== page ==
News / UK health sector accounted for 43 percent of all security incidents since 2014
UK health sector accounted for 43 percent of all security incidents since 2014
2 June 2017 |
The UK health sector and local government accounted for a majority of reported security incidents between 2013 and 2016 with the number of incidents rising every year.
Data theft and loss of paperwork accounted for one in every four security incidents suffered by the health sector since 2013.
According to a recent report from the Information Commissioner's Office, the UK health sector and the local government suffered 43 percent and 11 percent of all reported security incidents in the last three years respectively. While the health sector suffered 184 security incidents in the last quarter of 2014, the number rose to 221 in the last quarter of 2016.
A deeper analysis of the ICO report conducted by Egress Software Technologies has revealed the true nature of security incidents suffered by the health sector in the last three years. The analysis reveals that 24 percent of all security incidents were caused by theft or loss of paperwork, 19 percent due to data shared with incorrect recipients through fax or post, 9 percent due to data shared with incorrect recipients through e-mail and 5 percent due to failure to redact data after it was shared.
In total, the health sector suffered as many as 2,447 reported security incidents in the last three years. While the health sector continues to top the list of data breaches, it doesn't mean there has been an improvement in other sectors. The Egress analysis shows that the total number of security incidents reported across all sectors increased by around 32% since 2014.
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Despite various sectors moving towards automation and implementing checks and balances, the contribution of human error in security incidents actually increased from 44 percent in the last quarter of 2014 to 49 percent last year. Worryingly, the financial sector registered an increase of 44 percent in security incidents between 2014 and 2016, which means credit card frauds, loss of customer financial data and data stolen from banks have risen over the years and will continue to do so unless they are effectively curbed.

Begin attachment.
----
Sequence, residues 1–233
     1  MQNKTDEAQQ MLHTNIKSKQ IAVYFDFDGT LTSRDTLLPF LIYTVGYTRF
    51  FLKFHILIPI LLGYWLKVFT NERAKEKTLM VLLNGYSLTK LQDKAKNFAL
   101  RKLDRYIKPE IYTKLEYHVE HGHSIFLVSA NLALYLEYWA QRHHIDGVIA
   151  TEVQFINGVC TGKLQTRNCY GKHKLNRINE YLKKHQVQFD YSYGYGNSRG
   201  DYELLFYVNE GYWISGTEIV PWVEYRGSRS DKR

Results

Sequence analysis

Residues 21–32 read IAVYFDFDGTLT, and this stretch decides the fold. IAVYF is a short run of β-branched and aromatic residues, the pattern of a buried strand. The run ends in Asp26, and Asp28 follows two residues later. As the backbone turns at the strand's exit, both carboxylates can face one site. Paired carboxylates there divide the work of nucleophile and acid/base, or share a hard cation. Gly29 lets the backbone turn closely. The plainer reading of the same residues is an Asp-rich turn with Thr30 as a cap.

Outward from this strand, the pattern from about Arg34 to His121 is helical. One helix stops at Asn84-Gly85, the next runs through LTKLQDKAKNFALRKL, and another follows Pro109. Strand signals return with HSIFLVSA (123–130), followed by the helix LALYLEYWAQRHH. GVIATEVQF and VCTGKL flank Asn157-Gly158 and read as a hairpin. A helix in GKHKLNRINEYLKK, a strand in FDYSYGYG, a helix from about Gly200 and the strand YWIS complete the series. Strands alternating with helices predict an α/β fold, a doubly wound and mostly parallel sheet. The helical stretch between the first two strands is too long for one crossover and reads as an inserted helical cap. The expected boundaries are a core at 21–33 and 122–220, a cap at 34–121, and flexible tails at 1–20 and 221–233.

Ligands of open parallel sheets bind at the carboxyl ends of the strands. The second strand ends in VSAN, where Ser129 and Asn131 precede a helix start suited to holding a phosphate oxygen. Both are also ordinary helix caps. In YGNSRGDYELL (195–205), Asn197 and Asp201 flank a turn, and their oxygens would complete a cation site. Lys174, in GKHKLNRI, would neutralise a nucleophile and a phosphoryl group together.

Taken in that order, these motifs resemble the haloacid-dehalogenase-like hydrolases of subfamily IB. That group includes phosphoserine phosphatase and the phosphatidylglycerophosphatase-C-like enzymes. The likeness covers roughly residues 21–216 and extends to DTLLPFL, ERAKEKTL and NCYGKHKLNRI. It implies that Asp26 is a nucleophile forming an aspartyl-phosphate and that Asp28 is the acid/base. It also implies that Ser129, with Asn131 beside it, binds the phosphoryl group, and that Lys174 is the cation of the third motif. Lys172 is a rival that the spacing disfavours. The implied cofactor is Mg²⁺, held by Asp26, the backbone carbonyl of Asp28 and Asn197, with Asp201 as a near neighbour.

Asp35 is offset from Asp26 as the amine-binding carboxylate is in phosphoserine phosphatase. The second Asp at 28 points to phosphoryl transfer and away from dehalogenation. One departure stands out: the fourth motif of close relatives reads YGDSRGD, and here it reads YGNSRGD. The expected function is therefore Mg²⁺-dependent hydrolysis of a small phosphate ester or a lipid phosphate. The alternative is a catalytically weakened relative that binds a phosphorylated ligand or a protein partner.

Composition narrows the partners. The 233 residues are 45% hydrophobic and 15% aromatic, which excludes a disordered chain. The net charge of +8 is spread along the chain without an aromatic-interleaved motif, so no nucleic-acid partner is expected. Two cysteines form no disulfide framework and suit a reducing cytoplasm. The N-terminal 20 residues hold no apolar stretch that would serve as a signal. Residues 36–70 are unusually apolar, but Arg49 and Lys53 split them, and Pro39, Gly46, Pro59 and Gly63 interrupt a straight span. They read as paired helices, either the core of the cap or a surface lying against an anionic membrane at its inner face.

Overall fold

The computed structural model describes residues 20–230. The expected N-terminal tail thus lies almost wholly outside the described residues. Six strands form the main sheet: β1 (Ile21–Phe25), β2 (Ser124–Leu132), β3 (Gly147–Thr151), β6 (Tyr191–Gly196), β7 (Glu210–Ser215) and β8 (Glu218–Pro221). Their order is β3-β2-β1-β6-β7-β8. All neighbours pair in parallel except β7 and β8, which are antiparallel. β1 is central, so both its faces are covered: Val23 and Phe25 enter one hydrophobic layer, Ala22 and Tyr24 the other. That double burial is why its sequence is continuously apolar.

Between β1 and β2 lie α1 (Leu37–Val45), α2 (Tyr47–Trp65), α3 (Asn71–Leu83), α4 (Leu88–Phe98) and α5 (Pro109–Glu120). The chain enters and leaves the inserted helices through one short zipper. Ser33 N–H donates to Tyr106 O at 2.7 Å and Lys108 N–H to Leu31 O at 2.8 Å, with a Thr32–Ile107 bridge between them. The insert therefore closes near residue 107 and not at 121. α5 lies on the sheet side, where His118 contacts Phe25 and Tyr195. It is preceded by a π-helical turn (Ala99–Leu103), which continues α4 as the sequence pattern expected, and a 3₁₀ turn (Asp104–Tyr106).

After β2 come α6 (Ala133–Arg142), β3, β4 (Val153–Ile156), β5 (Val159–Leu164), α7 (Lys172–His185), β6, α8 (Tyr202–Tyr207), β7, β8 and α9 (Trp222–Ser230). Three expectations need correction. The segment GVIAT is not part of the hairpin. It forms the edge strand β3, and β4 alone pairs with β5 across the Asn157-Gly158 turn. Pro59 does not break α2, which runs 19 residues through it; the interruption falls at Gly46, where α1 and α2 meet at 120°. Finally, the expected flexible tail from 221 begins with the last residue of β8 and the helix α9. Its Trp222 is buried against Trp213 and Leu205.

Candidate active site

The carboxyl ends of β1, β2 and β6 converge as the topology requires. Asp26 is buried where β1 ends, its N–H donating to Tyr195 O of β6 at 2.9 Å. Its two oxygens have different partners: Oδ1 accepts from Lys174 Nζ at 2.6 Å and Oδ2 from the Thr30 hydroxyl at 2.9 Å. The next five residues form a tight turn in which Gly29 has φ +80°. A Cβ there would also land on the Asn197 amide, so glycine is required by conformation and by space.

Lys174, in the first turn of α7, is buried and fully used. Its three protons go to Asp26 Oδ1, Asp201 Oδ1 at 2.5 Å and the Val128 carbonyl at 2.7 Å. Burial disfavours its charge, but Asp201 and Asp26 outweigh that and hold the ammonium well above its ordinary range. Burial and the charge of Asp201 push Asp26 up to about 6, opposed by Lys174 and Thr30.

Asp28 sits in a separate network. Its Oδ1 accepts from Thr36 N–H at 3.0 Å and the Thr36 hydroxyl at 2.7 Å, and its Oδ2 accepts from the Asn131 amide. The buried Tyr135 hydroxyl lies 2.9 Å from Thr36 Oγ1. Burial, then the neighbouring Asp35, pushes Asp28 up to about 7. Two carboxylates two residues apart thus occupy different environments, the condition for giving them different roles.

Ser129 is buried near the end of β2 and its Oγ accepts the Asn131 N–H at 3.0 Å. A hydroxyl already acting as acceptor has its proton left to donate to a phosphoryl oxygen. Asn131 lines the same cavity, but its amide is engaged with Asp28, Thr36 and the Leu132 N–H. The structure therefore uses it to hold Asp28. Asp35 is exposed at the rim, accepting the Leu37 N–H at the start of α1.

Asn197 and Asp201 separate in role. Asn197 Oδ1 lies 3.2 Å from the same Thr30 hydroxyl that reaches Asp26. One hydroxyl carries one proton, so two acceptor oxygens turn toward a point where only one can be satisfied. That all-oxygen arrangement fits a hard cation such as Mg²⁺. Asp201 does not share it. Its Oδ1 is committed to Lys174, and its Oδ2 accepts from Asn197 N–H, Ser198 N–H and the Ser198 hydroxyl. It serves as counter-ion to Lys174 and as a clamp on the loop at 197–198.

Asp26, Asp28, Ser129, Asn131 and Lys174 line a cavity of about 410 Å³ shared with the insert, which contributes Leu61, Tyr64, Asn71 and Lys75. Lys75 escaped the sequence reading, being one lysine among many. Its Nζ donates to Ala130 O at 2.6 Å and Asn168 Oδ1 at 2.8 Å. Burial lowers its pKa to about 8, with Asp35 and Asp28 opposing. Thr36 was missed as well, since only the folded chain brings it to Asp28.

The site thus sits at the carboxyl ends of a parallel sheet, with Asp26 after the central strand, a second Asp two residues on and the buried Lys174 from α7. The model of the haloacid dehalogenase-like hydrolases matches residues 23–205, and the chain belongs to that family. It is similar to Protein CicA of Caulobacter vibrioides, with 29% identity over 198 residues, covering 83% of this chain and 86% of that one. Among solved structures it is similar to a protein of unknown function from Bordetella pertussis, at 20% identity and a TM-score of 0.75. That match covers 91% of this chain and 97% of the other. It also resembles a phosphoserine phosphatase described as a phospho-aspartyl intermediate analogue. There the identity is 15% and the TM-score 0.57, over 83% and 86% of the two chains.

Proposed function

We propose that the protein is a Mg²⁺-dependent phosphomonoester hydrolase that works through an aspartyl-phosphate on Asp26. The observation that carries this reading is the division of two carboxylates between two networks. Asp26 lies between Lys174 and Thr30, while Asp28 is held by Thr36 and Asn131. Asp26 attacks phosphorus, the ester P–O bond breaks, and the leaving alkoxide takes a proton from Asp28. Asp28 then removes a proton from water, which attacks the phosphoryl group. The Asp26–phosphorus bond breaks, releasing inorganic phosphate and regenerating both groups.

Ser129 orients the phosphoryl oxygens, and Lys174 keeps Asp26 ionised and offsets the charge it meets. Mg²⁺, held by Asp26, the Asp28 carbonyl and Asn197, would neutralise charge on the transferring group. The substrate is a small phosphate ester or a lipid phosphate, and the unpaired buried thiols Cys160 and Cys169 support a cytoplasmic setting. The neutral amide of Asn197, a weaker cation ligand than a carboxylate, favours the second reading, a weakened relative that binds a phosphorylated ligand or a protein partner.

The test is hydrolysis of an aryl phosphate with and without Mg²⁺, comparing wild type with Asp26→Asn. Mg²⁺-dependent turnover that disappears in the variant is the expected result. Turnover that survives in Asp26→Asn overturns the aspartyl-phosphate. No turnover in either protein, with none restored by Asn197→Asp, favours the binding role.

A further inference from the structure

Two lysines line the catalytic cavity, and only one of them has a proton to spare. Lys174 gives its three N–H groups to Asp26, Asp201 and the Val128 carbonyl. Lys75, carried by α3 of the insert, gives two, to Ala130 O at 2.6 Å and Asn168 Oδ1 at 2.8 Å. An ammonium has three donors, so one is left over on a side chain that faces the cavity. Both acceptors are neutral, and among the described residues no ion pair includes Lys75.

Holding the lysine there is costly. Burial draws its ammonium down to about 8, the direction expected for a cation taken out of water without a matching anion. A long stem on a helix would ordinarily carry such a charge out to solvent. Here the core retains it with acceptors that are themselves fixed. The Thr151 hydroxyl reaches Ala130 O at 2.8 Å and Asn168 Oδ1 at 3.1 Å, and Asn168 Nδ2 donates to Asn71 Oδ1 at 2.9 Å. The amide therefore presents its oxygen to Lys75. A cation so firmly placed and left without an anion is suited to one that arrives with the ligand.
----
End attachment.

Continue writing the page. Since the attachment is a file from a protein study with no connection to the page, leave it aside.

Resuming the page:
“We are all aware that security incidents are rising, but many may not suspect how large a proportion of these are down to error and lack of control over sensitive data. What the information from the ICO makes clear is that all businesses need to do more to better protect sensitive information,” said Tony Pepper, CEO and co-founder of Egress Software Technologies.
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"Meeting this challenge requires a combination of improved employee training and the communication of risks, and the deployment of the right technologies to minimise the number opportunities available for human error to take hold," he added.
Following the WannaCry ransomware attacks which crippled many NHS hospitals and trusts, Health Secretary Jeremy Hunt has promised to update all NHS computers and other systems within the next ten months.
“Whilst many authorities now only use a small number of devices that run Windows XP, the transition to a newer operating system needs to happen as a matter of urgency. With the health sector accounting for the most data security breaches across all public sector departments, it is critical that up-to-date and secure software is in place to safeguard patient data against cyber attackers,” said Citrix director of sales for the UK and Ireland Jon Cook.
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